RALLYING FOR A ‘HINDU RASHTRA’
The Rashtriya Swayamsevak Sangh brass gathered en masse in Jammu recently for a week-long talking shop. Sarsanghchalak Mohan Bhagwat and other leaders such as Bhaiyyaji Joshi and Dattatreya Hosabale, arrived in Jammu a few days before the conference, held from July 18-20, to brainstorm future strategy and set the agenda for the meeting. Over 200 pracharaks attended. According to RSS national executive member Indresh Kumar, this particular meeting is “an annual opportunity to discuss organisational work, no resolutions are passed”. It is also held behind closed doors, with no press invited to attend.
Speaking after the event, the RSS communications chief Aniruddha Deshpande said the RSS had plans to reach out to every section of society in time for its centenary in 2025. The central agenda of the Jammu meeting, he said, was to bring the RSS to the basti, defined as any area with 10,000 residents. In each basti, the focus will be, Deshpande explains, on social work, social integration, family enlightenment, rural development and cow protection. Though the RSS has no official membership tally, it is claiming a noticeable rise
in participation in its daily shakhas, the morning meetings for volunteers. It claims that daily shakhas are a feature of life in 60,000 towns across the country, up from about 45,000 in 2010. In January, 2018, the RSS will hold a Hindu Chetana Sangam event comprising simultaneous gatherings of up to 1,000 people in 267 venues across Mumbai, coastal Maharashtra and Goa.
Back in Jammu, RSS leader Manmohan Vaidya, the Akhil Bharatiya Prachar Pramukh, told the assembled pracharaks that the “identity of this country is Hindutva”. He made the claim amidst broader remarks about the RSS not supporting violence and urging people, the media in particular, to separate incidents of violence related to gau rakshaks and the cow protection movement itself. “The Sangh,” he said, “does not support any kind of violence,” and urged “action to be taken” against offenders instead of spurious connections being drawn with the RSS. The issue of gau rakshak violence has become a lightning rod for Opposition protests in the current parliamentary session.
Indeed, the gau raksha movement and the RSS’s approach to ‘kutumb prabodhan’ or family enlightenment have been the subject of vociferous criticism. Volunteers see both programmes as opportunities to impose RSS values and assert their beliefs. Some families told of how Sangh workers have lectured them on ‘family values’ and sermonise at length about ‘correct attire’ and the ‘Indian way to celebrate festivals’. These speeches, some complained, were “unnecessary and intrusive”. But, says Vaidya, “we are not imposing a code of conduct on people, just appealing to them to follow the actual morals and values of Indian culture.”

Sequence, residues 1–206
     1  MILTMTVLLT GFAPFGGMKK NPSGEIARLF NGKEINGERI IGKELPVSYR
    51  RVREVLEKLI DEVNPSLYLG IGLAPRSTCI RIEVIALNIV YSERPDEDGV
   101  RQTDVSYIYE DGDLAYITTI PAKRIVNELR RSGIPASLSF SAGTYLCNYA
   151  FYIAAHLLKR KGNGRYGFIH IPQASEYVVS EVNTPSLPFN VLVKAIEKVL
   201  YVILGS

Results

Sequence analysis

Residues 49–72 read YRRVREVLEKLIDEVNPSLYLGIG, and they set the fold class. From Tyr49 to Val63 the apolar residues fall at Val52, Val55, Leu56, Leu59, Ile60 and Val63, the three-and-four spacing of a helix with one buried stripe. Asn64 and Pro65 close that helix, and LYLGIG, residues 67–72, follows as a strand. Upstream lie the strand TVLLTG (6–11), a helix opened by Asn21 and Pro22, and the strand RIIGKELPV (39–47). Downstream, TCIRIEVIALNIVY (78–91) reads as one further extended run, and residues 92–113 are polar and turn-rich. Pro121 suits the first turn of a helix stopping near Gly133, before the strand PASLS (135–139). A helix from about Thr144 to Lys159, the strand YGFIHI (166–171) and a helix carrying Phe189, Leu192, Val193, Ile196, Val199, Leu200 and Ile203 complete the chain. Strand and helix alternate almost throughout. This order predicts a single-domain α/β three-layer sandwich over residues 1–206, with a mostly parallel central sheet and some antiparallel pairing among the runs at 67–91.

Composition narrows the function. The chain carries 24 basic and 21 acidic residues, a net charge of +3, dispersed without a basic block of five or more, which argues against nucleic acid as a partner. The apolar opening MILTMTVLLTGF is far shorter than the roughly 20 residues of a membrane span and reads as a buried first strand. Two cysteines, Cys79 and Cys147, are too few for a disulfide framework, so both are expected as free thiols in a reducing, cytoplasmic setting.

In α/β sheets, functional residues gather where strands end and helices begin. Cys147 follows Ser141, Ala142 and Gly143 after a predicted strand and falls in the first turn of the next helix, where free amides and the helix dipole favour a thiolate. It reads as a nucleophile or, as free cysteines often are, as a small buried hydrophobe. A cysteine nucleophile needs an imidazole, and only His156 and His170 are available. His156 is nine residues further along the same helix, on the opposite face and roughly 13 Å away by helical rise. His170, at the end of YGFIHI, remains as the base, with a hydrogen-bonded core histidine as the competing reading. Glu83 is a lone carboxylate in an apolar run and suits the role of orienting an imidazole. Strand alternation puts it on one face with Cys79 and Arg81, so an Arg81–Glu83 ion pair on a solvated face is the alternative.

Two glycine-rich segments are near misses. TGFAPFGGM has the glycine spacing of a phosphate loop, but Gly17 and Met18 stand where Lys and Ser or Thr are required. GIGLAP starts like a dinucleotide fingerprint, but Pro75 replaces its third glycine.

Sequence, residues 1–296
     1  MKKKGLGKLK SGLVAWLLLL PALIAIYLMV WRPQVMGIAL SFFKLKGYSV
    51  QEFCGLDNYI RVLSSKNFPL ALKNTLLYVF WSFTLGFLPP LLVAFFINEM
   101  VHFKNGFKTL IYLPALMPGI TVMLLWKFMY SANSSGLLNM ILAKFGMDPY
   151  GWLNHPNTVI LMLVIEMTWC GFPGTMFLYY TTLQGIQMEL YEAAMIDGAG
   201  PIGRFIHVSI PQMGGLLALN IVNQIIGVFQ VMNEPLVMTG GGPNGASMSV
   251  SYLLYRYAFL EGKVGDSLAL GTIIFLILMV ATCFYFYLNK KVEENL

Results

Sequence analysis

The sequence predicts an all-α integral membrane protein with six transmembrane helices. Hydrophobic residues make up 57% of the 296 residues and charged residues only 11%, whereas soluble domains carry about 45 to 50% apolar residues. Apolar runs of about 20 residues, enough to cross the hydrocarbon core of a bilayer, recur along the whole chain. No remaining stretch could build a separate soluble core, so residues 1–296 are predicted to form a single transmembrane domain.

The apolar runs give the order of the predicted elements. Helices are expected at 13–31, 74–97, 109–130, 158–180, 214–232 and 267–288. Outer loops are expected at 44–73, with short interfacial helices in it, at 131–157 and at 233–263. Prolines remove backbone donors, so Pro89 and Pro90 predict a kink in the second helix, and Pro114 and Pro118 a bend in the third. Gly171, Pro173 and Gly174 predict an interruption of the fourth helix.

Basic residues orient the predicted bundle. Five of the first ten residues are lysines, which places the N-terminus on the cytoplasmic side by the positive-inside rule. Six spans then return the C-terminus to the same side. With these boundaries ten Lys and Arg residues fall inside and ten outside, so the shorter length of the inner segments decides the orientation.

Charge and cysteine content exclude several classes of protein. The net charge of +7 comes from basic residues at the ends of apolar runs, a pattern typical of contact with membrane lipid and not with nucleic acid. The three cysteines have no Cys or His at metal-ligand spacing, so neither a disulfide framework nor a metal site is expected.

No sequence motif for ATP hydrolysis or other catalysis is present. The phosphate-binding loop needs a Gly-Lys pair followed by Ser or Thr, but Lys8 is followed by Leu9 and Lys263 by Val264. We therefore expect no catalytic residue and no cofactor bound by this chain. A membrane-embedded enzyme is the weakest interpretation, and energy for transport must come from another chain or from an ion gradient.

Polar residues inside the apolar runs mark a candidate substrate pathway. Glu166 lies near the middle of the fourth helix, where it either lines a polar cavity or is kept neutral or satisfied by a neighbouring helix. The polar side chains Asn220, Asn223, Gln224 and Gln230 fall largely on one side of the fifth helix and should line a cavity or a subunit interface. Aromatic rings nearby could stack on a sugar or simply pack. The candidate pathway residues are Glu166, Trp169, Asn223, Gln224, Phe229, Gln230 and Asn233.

Deshpande too conflates India and the RSS’s version of Hinduism. He insists that the Sangh’s concept of a Hindu rashtra is inclusive. “For us,” he argues, “a person who puts the interests of Bharat first is a Hindu. Someone who is born Hindu but works against the country’s interest is not a Hindu. A non-Hindu, on the other hand, dedicated to the country’s progress is a Hindu to us.” Many find this approach, this insistence on ‘Hindu’ and ‘India’ as synonymous, coercive and threatening but to Deshpande, there is no contradiction. Vaidya, in Jammu, said Hindutva “is not against any other religion. We believe in the philosophy of well-being for everyone”.
Whether everyone believes the RSS is concerned about their “well-being” is, however, the question. In Jammu, Bhagwat cautioned the gathering not to “embarrass the government” with their criticisms, to bear in mind that they and the government share the same ideology. In recent public comments about Prime Minister Narendra Modi, Bhagwat has been effusive. The RSS knows it has never had a better moment to achieve its goals. Two months ago, senior functionaries invited journalists known to be anti-RSS for a discussion. Other RSS grandees looked on with contempt, describing the meeting as “appeasement”. “In today’s time,” said one prominent figure, “those who consider the Sangh as their enemy should feel isolated, not welcome.”
A non-Hindu dedicated to the country’s progress is a Hindu to us, says the RSS’s Aniruddha Deshpande
SHOW OF STRENGTH At a previous Sangh brainstorming meet